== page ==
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Kuala Lumpur, Malaysia

  • 3 reviews
  • 15 ratings
  • 0 titles in library
  • 1 purchased in 2015

  • Great Railway Bazaar

    • UNABRIDGED (10 hrs and 57 mins)
    • By Paul Theroux
    • Narrated By Frank Muller

    Theroux recounts his early adventures on an unusual grand continental tour. Asia's fabled trains are the stars of a journey that takes him on a loop eastbound from London's Victoria Station to Tokyo Central, then back from Japan on the Trans-Siberian. Brimming with Theroux's signature humor and wry observations, this engrossing chronicle is essential reading for both the ardent adventurer and the armchair traveler.

    R. Wagner says: "Viewing the World from a Railway Carriage"
    "Kudos for Theroux, slaps for Recorded Books"

    Yes, this book is splendid. It is the armchair traveler's erudite companion and the nostalgic traveler's remembrance of an Asia that exists no more. It is the book every contemporary blogger and travel writer aspires to write.

    My one complaint is this: The reader clearly made not even the slightest attempt at proper Turkish pronunciation and thus mangled nearly every place name in the first quarter of the book. Did the reader and the editors feel confident that Turkish is such a remote and exotic language that no one would notice? If so, they exhibit a sort of provincialism and intellectual laziness that Paul Theroux would most certainly spit upon. It would have required minimal effort to do the job properly.

    1 of 1 people found this review helpful
  • Acedia & Me

    • UNABRIDGED (9 hrs and 55 mins)
    • By Kathleen Norris
    • Narrated By Kathleen Norris

    In Acedia & Me, the acclaimed author Kathleen Norris explicates and demystifies the forgotten but utterly relevant concept of acedia, a term that has often been understood as spiritual sloth, but really signifies the serious malady of being unable to care. With great insight and candor, Norris explores acedia through the geography of her life as a writer; her marriage and the challenges of commitment in the midst of grave illness; and her keen interest in the monastic tradition.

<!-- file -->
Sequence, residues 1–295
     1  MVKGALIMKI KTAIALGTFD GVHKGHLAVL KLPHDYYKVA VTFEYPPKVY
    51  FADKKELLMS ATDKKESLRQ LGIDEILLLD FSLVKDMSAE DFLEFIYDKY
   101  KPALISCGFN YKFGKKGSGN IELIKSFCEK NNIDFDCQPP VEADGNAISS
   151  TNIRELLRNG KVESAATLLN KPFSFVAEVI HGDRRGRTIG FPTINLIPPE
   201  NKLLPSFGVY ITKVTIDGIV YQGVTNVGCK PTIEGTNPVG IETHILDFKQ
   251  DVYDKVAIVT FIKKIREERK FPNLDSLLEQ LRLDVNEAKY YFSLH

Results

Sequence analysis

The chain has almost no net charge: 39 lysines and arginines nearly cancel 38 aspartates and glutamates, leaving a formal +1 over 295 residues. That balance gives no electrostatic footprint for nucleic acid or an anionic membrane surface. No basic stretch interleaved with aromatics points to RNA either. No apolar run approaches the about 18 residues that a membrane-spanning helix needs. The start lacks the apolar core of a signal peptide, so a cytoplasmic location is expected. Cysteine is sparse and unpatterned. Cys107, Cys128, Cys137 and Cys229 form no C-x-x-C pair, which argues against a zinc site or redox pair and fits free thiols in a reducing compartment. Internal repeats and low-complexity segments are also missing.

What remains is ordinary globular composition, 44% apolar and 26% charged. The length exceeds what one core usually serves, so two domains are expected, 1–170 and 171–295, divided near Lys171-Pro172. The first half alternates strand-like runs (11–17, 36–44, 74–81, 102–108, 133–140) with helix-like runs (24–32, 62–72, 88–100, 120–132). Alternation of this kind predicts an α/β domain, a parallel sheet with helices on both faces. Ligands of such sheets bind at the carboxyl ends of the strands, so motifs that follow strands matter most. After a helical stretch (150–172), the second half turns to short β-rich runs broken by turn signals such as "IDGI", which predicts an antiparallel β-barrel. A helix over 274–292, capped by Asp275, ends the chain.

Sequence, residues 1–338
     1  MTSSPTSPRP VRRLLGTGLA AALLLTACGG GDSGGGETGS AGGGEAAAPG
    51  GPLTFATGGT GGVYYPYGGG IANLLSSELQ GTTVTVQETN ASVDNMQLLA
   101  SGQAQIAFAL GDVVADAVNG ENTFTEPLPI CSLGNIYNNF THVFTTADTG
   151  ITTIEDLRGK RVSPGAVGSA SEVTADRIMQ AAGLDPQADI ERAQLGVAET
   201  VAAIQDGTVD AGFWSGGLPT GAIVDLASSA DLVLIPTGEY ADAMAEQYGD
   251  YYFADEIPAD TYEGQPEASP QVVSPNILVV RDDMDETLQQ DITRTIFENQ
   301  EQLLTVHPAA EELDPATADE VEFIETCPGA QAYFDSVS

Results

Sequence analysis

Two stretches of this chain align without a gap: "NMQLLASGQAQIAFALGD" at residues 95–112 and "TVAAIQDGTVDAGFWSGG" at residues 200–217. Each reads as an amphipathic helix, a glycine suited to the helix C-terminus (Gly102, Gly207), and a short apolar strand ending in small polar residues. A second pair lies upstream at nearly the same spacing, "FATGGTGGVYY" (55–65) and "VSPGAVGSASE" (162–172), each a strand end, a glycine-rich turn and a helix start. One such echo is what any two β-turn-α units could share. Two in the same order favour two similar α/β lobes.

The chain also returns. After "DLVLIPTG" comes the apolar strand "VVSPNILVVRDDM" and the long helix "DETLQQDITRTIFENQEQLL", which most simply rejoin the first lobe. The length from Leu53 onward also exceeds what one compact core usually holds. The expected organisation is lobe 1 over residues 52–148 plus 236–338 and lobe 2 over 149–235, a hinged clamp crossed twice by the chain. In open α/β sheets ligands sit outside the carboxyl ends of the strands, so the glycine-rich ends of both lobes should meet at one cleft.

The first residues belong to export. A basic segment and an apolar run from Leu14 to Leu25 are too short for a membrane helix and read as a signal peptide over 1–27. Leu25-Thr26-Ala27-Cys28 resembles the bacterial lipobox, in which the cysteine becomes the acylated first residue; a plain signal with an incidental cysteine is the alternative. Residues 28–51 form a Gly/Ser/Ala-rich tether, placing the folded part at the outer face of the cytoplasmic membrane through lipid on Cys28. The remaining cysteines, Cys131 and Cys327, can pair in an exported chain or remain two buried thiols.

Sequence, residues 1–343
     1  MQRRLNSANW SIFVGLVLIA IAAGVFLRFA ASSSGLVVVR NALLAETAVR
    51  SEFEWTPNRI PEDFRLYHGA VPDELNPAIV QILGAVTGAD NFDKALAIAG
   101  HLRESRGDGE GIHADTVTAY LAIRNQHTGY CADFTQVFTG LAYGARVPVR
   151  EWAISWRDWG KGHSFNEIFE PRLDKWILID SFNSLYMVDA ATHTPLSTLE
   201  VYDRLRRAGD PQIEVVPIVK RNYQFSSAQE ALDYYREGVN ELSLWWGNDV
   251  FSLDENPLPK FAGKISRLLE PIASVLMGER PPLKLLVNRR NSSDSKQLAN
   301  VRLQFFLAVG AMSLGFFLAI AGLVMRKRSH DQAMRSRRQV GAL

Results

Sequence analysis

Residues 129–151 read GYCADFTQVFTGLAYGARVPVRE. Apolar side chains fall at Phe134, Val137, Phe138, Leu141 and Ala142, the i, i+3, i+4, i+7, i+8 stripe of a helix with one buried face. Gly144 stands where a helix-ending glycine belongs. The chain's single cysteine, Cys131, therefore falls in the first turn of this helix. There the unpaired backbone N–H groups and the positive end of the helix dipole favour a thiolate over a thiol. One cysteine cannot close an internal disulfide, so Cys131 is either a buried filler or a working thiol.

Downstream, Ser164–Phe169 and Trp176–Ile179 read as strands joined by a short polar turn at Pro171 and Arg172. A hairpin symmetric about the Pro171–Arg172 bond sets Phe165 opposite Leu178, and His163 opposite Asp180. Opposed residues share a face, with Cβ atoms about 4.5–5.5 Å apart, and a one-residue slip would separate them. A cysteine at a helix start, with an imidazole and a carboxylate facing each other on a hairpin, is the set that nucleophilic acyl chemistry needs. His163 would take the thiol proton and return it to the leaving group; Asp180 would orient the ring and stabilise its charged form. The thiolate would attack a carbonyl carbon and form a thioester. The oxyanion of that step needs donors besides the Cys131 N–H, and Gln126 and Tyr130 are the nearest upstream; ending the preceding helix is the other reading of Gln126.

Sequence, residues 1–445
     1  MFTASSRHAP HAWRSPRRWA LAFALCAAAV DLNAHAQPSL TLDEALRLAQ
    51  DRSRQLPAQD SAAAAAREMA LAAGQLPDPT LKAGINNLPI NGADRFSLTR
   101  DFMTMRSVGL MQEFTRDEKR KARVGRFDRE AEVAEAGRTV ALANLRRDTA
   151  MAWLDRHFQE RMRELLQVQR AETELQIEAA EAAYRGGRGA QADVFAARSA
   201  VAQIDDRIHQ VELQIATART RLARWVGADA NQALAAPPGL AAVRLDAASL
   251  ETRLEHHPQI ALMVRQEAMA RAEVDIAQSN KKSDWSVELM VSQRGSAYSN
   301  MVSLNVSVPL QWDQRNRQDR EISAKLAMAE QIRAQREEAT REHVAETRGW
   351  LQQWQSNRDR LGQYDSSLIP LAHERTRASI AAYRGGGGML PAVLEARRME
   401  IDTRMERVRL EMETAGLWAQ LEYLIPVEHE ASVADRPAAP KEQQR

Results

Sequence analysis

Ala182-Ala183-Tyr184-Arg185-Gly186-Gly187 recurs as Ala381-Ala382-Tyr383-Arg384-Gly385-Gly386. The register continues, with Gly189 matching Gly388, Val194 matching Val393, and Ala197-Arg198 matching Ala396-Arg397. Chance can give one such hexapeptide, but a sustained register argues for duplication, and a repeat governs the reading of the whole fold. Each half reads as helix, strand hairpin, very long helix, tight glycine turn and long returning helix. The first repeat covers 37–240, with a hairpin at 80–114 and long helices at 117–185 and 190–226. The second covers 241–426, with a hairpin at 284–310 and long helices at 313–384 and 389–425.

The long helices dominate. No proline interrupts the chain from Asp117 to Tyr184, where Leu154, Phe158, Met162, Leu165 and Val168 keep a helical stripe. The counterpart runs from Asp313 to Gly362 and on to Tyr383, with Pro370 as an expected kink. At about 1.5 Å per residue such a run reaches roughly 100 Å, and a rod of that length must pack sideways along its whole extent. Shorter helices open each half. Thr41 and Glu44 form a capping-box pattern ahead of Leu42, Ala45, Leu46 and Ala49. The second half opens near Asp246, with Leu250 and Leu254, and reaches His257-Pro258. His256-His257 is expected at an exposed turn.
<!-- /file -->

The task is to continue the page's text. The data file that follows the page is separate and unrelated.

Maggie says: "excellent but not for the faint of heart"

    I sought this book after hearing a radio interview with its author and was very dismayed to see that she narrated it herself. A computer-generated voice would be less mechanical and grating. Still, I wanted to read the book, which I cannot obtain in print locally, so I gritted my teeth and bought the audio. A regrettable decision: Norris rambles through centuries and over continents, attributing to acedia the rise of Nazism, American consumerism, homelessness, monastic fitfulness, the Columbine killings, general inability to concentrate, and the existence of overseas sweat-shops. She takes some pains to distinguish acedia from depression but fails abysmally to distinguish it from boredom, indifference, sloth, cynicism, and despair. I regret that acedia did not prevent Ms. Norris from completing this book and still more that it did not keep her away from the recording booth.

    1 of 5 people found this review helpful
  • Loving Frank

    • UNABRIDGED (13 hrs and 38 mins)
    • By Nancy Horan
    • Narrated By Joyce Bean
    • Whispersync for Voice-ready

    I have been standing on the side of life, watching it float by. I want to swim in the river. I want to feel the current. So writes Mamah Borthwick Cheney in her diary as she struggles to justify her clandestine love affair with Frank Lloyd Wright. Four years earlier, in 1903, Mamah and her husband, Edwin, had commissioned the renowned architect to design a new home for them.

    Eva Gannon says: "Fascinating"
    "Not loving the production editor so much..."

    This is a splendid piece of historical fiction, obviously constructed on a framework of assiduous research. The story of Frank and Mamah's relationship would be melodramatic if it hadn't been real, and Nancy Horan's telling of it captures a perfect balance of drama and restraint.

    My one regret is that no one coached the narrator on either German pronunciation (her mangling of book titles and place names was positively jarring) or on her attempts to narrate passages using Swedish and Welsh accents. It would have been better to read the text unaccented than to get it so dreadfully, distractingly wrong. Brilliance Audio was less than brilliant on that front, but the book as a whole is very worthwhile.

    23 of 24 people found this review helpful

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